Industrial loan companies (ILCs) or industrial banks (IBs) (together, “ ILCs”) typically enjoy the privileges of traditional banks but pose two significant risk factors unique to ILCs:

  1. They are not subject to the Federal Reserve’s supervision, which occurs at the consolidated level (i.e., the ILC’s parent company, the ILC, and their affiliates); and
  2. They permit the intermingling of commercial and financial activity, prohibited for traditional banks.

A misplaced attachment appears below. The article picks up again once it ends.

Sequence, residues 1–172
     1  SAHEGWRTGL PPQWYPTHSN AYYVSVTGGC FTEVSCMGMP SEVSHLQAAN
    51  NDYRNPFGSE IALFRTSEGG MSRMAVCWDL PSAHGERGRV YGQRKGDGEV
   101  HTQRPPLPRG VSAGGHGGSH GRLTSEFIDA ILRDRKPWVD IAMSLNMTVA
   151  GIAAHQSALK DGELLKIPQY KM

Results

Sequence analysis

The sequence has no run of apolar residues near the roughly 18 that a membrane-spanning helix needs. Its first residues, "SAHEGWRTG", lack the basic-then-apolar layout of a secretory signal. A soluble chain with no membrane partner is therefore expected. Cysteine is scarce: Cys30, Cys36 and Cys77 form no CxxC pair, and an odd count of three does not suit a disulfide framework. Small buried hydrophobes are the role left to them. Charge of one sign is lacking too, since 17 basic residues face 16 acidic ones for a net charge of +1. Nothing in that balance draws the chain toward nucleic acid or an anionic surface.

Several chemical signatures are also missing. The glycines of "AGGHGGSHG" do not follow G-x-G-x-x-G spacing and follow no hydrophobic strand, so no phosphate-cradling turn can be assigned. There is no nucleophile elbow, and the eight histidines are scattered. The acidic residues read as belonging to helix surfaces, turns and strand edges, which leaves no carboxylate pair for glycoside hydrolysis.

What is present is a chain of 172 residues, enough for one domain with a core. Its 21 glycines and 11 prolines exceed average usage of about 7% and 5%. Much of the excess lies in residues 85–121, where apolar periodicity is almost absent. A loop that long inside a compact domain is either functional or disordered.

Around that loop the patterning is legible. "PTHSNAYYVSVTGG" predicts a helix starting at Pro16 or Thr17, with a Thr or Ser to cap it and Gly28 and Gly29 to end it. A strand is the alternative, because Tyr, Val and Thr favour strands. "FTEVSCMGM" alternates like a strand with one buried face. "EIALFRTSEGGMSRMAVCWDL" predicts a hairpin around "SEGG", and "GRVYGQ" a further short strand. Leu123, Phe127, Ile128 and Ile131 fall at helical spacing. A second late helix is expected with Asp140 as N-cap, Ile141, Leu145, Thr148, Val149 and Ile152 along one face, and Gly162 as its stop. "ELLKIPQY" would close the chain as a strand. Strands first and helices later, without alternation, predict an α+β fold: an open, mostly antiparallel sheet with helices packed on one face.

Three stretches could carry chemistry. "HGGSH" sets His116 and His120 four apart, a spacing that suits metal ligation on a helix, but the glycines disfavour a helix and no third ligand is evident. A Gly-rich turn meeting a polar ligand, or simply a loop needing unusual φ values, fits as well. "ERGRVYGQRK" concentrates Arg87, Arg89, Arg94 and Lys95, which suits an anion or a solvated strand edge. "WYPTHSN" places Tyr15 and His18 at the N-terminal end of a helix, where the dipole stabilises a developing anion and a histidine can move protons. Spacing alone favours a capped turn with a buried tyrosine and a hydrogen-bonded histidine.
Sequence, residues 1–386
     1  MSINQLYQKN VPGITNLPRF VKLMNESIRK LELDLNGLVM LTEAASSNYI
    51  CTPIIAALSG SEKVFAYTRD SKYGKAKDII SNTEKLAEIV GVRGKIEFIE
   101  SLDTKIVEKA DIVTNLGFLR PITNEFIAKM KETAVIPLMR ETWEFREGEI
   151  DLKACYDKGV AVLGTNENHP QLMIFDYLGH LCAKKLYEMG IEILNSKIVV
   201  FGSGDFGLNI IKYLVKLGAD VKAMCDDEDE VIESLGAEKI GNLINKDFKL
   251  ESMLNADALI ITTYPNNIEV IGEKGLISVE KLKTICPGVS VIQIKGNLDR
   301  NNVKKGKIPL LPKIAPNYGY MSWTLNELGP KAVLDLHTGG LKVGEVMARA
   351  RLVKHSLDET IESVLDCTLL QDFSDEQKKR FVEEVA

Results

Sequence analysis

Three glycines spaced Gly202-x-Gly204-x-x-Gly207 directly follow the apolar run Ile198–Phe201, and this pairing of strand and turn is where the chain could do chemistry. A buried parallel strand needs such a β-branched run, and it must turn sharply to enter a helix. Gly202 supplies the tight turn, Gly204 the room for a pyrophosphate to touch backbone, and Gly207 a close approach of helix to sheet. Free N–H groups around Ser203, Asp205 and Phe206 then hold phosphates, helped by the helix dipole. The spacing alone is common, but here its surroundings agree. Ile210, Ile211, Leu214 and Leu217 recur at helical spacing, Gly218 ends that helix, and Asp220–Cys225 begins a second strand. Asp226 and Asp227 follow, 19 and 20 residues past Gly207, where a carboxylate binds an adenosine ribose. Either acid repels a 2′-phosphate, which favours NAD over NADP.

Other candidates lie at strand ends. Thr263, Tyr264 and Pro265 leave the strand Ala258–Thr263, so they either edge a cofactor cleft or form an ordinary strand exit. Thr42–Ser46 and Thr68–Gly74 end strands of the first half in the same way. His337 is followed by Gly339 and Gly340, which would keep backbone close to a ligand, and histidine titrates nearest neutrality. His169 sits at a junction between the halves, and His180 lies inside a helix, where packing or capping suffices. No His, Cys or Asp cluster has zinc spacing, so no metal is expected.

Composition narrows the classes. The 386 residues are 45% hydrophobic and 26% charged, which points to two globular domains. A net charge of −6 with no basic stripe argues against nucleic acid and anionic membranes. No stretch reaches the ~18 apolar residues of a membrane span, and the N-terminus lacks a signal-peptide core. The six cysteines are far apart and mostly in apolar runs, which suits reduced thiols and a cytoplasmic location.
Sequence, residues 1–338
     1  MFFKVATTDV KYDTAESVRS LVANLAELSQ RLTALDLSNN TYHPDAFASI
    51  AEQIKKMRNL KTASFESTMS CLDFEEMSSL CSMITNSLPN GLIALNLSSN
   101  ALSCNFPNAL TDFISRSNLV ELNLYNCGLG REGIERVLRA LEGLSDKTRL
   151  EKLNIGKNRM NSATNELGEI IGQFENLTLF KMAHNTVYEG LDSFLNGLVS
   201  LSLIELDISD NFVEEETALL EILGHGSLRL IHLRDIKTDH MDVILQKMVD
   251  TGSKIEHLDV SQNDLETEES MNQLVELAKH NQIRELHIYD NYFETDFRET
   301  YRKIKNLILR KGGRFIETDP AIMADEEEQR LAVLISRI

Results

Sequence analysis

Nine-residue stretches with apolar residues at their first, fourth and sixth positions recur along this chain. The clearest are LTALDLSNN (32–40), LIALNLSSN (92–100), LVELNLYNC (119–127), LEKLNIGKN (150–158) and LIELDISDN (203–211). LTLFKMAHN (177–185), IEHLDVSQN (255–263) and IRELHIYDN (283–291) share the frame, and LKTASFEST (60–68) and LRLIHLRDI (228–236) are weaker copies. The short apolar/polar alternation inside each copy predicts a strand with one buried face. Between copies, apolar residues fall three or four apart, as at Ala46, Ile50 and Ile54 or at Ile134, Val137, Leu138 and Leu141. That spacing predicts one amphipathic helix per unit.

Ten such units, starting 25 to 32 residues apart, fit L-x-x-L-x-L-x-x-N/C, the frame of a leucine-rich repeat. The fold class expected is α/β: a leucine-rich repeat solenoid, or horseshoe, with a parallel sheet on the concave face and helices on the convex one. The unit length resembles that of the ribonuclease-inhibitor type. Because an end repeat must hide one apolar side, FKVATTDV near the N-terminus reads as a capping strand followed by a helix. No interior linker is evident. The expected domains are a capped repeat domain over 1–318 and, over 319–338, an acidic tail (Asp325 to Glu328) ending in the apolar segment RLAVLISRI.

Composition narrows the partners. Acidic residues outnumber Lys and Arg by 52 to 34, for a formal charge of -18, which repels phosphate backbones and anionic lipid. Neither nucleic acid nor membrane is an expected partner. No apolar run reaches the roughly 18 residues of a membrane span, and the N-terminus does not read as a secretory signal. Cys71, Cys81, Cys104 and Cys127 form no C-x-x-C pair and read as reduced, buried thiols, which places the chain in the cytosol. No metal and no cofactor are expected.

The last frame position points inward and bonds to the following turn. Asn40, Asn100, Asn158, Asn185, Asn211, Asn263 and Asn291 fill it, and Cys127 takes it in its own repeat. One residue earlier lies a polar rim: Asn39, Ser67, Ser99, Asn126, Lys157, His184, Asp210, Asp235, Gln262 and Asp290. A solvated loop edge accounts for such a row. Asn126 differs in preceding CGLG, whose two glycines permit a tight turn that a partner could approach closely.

In light of these concerns, the FDIC did not permit any new ILCs for over a decade, until March of this year, when it approved two. Now, the FDIC has a proposed rule outstanding that threatens to open the floodgates to new ILC charters. New ILCs pose threats both to the financial system as a whole and to consumers, as they offer non-banks a far easier path to federal interest rate preemption that they would otherwise have--or than has even been intended under the law. The result would be an increase in high-cost predatory lending that avoids state interest rate caps and causes severe harm to consumers.